Now they got two little nice statues in Chariot Park to remember the gay movement. How many people have died for these two little statues to be put in the park for them to recognize gay people? How many years has it taken people to realize that we are all brothers and sisters and human beings in the human race? I mean how many years does it take people to see that? We’re all in this rat race together!


Harvey Milk:

If a bullet should enter my brain, let that bullet destroy every closet door.


Laverne Cox:

It is revolutionary for any trans person to choose to be seen and visible in a world that tells us we should not exist.


James Baldwin:

Everybody’s journey is individual. If you fall in love with a boy, you fall in love with a boy. The fact that many Americans consider it a disease says more about them than it does about homosexuality.


Barbara Smith:

Remember, goals are stars to steer by, not sticks with which to beat ourselves.


Audre Lorde:

When I dare to be powerful, to use my strength in the service of my vision, then it becomes less and less important whether I am afraid.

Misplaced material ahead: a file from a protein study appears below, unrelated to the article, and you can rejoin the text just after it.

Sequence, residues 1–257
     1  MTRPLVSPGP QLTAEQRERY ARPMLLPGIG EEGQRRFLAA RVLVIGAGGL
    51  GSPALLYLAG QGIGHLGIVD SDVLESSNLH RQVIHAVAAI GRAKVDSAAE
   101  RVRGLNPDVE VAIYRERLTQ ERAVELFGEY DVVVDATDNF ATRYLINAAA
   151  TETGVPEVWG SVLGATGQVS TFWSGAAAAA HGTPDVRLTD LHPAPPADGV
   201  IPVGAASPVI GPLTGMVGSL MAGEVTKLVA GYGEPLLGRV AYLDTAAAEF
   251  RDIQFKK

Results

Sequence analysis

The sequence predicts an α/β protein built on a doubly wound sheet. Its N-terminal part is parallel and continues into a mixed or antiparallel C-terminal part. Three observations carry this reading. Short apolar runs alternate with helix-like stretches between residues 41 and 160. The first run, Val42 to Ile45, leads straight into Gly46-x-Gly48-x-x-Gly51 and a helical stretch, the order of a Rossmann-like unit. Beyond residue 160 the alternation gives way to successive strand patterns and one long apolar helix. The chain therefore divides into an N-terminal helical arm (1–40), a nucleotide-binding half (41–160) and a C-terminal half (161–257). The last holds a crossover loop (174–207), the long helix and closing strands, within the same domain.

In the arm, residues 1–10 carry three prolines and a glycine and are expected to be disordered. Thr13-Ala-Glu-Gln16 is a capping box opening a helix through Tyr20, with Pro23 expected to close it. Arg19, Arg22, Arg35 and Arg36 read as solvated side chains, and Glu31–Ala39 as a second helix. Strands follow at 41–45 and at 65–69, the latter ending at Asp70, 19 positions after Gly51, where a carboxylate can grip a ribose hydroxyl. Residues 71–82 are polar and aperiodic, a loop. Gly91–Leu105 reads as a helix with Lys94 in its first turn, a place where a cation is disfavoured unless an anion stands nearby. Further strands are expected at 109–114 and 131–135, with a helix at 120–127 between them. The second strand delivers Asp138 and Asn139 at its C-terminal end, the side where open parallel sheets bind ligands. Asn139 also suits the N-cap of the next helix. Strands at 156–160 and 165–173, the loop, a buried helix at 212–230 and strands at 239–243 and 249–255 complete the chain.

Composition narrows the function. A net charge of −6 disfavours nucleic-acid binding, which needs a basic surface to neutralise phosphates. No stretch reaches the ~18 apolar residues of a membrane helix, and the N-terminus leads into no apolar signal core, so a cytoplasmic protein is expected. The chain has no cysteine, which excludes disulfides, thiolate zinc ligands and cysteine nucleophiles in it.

Bayard Rustin:

When an individual is protesting society’s refusal to acknowledge his dignity as a human being, his very act of protest confers dignity on him.


Andrea Gibson:

It is untrue that bravery can be measured by a lack of fear. It takes guts to tremble. It takes tremble to love.


Barbara Gittings:

As a teenager, I had to struggle alone to learn about myself and what it meant to be gay. Now for [48] years I’ve had the satisfaction of working with other gay people all across the country to get the bigots off our backs, to oil the closet door hinges, to change prejudiced hearts and minds, and to show that gay love is good for us and for the rest of the world too. It’s hard work—but it’s vital, and it’s gratifying, and it’s often fun!


Jennicet Gutiérrez:

Immigrant trans women are 12 times more likely to face discrimination because of our gender identity. If we add our immigration status to the equation, the discrimination increases. Transgender immigrants make up one out of every 500 people in detention, but we account for one out of five confirmed sexual abuse cases in ICE custody. The violence my trans sisters face in detention centers is one of torture and abuse. The torture and abuse come from ICE officials and other detainees in these detention centers. I have spoken with my trans immigrant sisters who were recently released from detention centers. With a lot of emotional pain and heavy tears in their eyes, they opened up about the horrendous treatment they all experienced. Often seeking asylum to escape threats of violence because of their gender identity and sexuality, this is how they’re greeted in this country. At times misgendered, exposed to assault, and put in detention centers with men.